Chris Stone is the Los Angeles Times deputy managing editor for new initiatives and vice president of LA Times Studios.
In his role, Stone guides the launch of new products and initiatives and provides leadership across the studios portfolio: The Times’ news video group, Originals; Studio Production; Intellectual Property Development; Audio; and the Los Angeles Times Book Club. He also will drive efforts to expand The Times’ journalism across forms and approaches, serving as a liaison among the various teams in The Times’ newsroom and other departments in the company and with external partners.
Stone joined the company in 2020 as executive sports editor. During his time overseeing the Sports section, he led a major expansion of its digital-first focus. In addition, the Sports team won consecutive “Grand Slams” in the Associated Press Sports Editor awards and published successful initiatives, such as the award-winning docuseries “Fernandomania @ 40” and extensive coverage of Super Bowl LVI. Stone also worked with The Times’ audio and entertainment departments to help bring “Binge Sesh,” a 10-episode companion podcast to HBO’s “Winning Time,” to life. He also helped launch The Times’ publishing partnership with Meredith Premium Publishing, which has produced more than 12 bookazines to date.
Previously, Stone worked for Sports Illustrated for 27 years, including the last four as editor in chief. He is a graduate of Tufts University and the Columbia Graduate School of Journalism.
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Nearly two-thirds of NCAA men’s basketball champions have been a top-three seed. But one program has given reason for Cinderellas to dream big.
How likely are No. 16 seeds Georgia State, Wright State, Bryant, Texas Southern, Texas A&M-CC or Norfolk State to make NCAA tournament history? Not likely, not impossible.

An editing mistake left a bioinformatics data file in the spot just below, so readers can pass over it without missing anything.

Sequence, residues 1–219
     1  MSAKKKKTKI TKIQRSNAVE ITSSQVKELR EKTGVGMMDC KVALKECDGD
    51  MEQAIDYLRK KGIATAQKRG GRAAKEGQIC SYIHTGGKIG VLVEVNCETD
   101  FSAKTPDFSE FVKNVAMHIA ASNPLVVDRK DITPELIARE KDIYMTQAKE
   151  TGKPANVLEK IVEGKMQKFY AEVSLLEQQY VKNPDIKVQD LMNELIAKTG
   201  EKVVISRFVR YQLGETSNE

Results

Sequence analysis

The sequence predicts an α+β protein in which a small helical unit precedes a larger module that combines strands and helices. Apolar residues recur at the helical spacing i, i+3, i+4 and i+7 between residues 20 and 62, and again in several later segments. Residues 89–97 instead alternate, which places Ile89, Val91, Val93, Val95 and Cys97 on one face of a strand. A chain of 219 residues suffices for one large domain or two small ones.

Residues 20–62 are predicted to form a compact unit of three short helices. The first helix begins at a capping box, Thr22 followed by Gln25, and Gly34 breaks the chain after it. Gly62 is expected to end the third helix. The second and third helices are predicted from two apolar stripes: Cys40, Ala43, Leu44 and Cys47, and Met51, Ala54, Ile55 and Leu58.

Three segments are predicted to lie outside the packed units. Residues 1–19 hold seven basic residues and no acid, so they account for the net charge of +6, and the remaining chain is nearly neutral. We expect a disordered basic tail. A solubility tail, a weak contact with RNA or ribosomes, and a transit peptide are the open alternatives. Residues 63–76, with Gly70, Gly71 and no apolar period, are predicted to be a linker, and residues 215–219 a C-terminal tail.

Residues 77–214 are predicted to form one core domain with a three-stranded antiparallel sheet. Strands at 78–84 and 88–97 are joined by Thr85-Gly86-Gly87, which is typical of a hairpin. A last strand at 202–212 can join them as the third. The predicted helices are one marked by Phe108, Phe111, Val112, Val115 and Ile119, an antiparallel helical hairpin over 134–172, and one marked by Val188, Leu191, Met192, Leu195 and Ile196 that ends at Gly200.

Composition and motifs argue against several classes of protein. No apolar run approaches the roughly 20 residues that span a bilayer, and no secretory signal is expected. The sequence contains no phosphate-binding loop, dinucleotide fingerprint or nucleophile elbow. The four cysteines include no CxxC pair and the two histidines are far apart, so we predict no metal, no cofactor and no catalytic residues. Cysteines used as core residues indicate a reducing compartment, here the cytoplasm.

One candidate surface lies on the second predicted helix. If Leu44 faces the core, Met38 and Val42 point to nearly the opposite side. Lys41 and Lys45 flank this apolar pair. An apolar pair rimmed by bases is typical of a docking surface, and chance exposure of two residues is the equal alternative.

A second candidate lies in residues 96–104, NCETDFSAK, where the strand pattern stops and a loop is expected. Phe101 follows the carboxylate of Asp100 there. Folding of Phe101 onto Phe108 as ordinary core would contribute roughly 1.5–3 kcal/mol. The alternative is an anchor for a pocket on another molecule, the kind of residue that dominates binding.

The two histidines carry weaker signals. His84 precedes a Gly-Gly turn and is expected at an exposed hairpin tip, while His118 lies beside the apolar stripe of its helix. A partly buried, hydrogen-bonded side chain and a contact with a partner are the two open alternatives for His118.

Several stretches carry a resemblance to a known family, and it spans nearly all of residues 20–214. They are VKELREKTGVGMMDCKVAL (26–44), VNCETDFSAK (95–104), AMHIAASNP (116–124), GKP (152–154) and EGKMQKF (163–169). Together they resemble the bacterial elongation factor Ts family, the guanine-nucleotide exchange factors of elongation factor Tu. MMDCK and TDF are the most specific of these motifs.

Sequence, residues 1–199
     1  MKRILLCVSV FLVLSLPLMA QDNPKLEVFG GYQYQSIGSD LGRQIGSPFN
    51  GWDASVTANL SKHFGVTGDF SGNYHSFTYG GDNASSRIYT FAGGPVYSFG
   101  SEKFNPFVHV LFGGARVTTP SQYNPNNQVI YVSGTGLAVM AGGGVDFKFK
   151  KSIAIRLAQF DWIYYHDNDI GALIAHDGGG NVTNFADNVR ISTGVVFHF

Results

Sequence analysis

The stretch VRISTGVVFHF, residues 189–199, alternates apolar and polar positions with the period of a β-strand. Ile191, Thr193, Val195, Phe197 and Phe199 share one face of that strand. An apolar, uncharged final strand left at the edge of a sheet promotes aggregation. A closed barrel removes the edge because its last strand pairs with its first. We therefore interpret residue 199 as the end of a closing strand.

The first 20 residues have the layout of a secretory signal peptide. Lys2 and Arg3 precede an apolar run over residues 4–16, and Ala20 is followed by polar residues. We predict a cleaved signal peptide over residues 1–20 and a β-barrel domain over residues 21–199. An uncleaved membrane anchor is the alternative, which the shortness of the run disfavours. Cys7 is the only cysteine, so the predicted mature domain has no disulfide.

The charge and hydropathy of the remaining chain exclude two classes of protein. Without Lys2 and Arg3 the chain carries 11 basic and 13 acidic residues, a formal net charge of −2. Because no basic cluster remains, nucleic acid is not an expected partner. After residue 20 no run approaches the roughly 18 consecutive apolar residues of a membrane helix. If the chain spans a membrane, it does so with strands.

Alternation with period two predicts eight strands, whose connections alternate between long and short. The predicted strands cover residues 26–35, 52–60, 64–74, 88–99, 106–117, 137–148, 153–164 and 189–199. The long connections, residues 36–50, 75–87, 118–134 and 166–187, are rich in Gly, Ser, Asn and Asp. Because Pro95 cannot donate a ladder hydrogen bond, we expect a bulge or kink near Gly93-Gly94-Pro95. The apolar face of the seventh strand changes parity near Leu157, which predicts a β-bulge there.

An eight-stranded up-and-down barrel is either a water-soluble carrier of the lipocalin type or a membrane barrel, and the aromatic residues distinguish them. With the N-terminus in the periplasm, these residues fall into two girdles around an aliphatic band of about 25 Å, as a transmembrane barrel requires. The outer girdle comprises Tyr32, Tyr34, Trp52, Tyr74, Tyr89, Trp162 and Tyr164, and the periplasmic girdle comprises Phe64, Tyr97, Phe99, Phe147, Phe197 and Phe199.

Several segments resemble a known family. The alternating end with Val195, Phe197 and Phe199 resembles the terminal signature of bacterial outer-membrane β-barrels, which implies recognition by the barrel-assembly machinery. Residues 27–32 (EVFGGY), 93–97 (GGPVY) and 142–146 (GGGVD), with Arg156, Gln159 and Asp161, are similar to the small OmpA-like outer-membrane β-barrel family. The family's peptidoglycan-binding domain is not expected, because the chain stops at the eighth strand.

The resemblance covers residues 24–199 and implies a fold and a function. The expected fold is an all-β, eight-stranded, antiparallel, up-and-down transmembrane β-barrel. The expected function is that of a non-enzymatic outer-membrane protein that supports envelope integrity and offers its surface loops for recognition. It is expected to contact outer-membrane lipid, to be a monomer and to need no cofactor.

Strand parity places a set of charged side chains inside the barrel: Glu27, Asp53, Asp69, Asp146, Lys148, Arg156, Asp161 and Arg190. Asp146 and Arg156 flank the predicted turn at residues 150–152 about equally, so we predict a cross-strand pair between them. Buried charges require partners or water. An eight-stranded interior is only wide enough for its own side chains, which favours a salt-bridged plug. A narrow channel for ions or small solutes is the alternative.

March Madness is famously about little schools dreaming big, but championship odds are squarely on the side of No. 1 seeds.
The Los Angeles Rams lead the Cincinnati Bengals 13-10 at halftime of Super Bowl 56. History offers a mixed record on their chances of holding on.
With his touchdown pass to Odell Beckham Jr. in the first quarter of Super Bowl 56 against the Cincinnati Bengals, Matthew Stafford made Los Angeles Rams history.
If Super Bowl LVI goes to overtime, it will be only the second time in history that the game has been tied at the end of regulation.
Before Super Bowl 56, the Cincinnati Bengals played in the Super Bowl twice, against the same team, with the same result.
Nearly a USC Trojan, maybe even a Charger, Tom Brady found his way into the story of L.A. football right up until the week before he retired.
Durante las últimas tres temporadas, los Rams y los 49ers tienen récords casi idénticos, excepto cuando se trata de encuentros cara a cara entre los dos equipos.